Last Wednesday I wrote about Iceland’s impressive development of renewable energy sources which provide 100% of electricity production from hydropower (80%) and geothermal (20%) sources. There is no doubt that Iceland is blessed with massive amounts of clean energy. While Iceland has garnered vast praise for its development of clean, renewable energy, some environmentalists question its uber-green reputation. For instance, some criticize Iceland’s push to attract major aluminum manufacturers, such as Alcoa, a huge consumer of Iceland’s clean energy, because the aluminum industry is not really a clean industry. Andri Smaer Magnason in his book “Dreamland” claims that Iceland’s government has sold out the country to make it one of the “largest aluminum smelters in the world” by offering low energy prices at the expense of sacrificing pristine wilderness in Iceland. Environmentalists point out that the aluminum industry is a dirty, wasteful and extractive industry in the global economy. Getting the raw materials for aluminum takes huge amounts of fossil-rich energy to mine bauxite through an extractive process that can have serious environmental consequences. Once mined, more fossil fuel is then required to ship the extracted ore from the source to Iceland’s smelters. Then, the processed aluminum must be transported from Iceland to manufacturers across the globe, consuming even more fossil fuel. These manufacturers then transform processed aluminum into billions of cans, the vast majority of which are not recycled. On balance, then, some would argue that Iceland is really exacerbating pollution, rather than remedying it with its current energy policies.
These policies show that Iceland clearly wants to be a global player in providing to the world the clean energy that it has in abundance: geothermal and hydropower. Other countries, like China, are eager to exploit Iceland’s global energy plans. China views Iceland as a potential source of cheap energy to be transported by new global resource trading routes across the Arctic Circle that are being opened by melting ice. To meet increased demand abroad Iceland will have to construct new dams, infrastructure, roads, transmission lines, etc., that could wreak havoc on its fragile ecosystem. Therefore, environmentalists are urging Iceland’s government to step back and rethink its global energy policies and to focus on using Iceland’s clean energy assets for more homegrown purposes. For instance, Icelanders have begun constructing organic greenhouse horticulture as a means of obtaining fruits and vegetables that would no longer have to be shipped from warmer climates. Enterprising Icelanders have found ways to use Iceland’s warm water and cheap energy for vast greenhouses that would produce tomatoes, peppers and cucumbers with overhead lights and ambient geothermal heat on enriched soil. In driving through the countryside I saw vast greenhouses that turned out remarkably tasty lettuce and tomatoes when I ventured from Reykjavík for a glacier hike.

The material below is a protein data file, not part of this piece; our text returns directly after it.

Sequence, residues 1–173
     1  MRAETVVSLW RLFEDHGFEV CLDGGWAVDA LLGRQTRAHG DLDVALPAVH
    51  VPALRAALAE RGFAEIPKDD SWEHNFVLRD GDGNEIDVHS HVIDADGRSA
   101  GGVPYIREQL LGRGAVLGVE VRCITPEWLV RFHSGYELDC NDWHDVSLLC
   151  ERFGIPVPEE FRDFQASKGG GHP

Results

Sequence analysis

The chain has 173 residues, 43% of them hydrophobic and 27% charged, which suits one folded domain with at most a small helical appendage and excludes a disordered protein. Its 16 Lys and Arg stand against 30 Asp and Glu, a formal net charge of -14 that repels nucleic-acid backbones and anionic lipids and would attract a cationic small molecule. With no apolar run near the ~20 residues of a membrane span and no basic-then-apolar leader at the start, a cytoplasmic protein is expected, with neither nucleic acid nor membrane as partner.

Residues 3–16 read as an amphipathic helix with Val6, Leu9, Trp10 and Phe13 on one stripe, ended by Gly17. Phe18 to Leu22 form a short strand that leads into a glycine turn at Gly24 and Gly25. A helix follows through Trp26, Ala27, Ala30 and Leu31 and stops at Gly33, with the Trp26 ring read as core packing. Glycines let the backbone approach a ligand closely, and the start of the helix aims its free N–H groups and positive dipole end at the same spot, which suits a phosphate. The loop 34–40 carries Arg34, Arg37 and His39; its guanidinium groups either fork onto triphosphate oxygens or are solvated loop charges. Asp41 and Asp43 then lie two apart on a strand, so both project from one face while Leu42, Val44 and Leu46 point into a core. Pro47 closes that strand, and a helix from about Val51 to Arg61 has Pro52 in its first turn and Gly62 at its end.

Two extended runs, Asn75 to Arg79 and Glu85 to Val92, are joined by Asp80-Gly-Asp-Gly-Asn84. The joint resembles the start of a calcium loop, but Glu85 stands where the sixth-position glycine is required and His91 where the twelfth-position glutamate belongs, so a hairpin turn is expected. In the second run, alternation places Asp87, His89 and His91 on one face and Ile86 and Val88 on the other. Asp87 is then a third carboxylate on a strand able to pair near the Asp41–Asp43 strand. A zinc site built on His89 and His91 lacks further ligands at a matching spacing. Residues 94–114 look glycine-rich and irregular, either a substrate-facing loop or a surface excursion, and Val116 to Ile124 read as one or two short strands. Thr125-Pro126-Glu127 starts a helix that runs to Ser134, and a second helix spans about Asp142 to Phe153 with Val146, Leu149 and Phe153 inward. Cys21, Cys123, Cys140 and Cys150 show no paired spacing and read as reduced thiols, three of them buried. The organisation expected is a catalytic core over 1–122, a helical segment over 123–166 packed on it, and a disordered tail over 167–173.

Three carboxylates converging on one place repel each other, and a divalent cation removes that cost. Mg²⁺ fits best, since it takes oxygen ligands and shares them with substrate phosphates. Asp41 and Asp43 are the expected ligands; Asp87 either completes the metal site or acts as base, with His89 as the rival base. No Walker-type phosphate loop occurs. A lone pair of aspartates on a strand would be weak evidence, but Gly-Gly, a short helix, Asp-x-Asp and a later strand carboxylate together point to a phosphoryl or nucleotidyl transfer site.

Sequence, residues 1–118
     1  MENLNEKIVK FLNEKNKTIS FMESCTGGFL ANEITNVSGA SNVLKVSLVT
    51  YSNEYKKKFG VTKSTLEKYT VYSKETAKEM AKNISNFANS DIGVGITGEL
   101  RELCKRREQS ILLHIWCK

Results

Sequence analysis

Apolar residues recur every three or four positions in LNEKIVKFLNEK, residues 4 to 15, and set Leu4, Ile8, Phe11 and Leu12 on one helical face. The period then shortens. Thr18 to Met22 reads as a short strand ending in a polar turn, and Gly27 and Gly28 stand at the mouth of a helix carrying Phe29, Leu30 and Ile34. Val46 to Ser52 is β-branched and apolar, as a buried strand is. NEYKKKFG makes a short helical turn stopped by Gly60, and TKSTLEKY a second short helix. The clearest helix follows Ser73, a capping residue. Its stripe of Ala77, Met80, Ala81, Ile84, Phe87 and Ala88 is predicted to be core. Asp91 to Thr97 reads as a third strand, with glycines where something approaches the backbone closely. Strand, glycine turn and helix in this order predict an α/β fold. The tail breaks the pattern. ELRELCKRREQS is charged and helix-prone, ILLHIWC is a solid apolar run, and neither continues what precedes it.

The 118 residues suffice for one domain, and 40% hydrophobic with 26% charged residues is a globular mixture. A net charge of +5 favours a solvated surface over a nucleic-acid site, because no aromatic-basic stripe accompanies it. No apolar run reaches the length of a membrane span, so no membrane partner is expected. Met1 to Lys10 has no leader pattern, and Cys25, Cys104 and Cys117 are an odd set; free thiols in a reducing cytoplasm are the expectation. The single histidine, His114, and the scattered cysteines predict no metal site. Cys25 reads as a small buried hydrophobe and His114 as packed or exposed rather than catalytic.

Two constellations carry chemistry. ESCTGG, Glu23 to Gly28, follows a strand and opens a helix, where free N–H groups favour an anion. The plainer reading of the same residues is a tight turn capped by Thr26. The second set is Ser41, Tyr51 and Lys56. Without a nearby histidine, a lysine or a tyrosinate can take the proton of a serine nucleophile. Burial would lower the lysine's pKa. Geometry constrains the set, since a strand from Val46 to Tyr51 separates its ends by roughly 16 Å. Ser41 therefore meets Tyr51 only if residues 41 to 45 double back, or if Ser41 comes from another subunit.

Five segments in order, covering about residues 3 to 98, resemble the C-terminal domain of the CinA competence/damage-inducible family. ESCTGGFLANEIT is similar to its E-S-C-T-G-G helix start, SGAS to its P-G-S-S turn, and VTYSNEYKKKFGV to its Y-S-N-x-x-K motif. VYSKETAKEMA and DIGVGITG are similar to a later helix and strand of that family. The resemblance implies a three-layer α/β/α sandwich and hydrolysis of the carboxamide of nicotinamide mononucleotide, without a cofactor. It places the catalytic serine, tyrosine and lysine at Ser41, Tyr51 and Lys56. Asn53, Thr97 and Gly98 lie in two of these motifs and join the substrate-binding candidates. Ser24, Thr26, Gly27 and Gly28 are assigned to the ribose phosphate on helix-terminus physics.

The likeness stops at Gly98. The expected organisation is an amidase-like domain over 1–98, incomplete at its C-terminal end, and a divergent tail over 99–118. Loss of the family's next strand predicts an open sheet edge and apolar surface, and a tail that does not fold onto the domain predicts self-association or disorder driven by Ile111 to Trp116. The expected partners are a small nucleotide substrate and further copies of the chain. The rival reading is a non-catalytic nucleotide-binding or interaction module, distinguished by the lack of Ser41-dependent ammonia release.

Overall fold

Icelanders could use its clean energy sources to power its fishing fleet. Today, Iceland’s fleet catches 2% of the world’s fish using primarily fossil fuels. This fish is then whisked away to foreign consumers, at a great energy cost. Mr. Magnason in his book claims that Iceland can find ways to provide alternate power to its fleet (i.e., possibly by hydrogen) and to better process fish so that the fish crop can be exported slowly by sea and consume less energy to export.
When it comes to energy, Iceland has an embarrassment of riches of renewable energy resources. It is remarkable that a country this small (population 300,000) has had such a large impact on research and development of renewable energy sources. It will be interesting to see how Iceland continues to use them. Clearly not every Icelander favors the “bigger is better” approach because many realize this could come at an environmental cost to this remote, beautiful, rugged piece of Earth.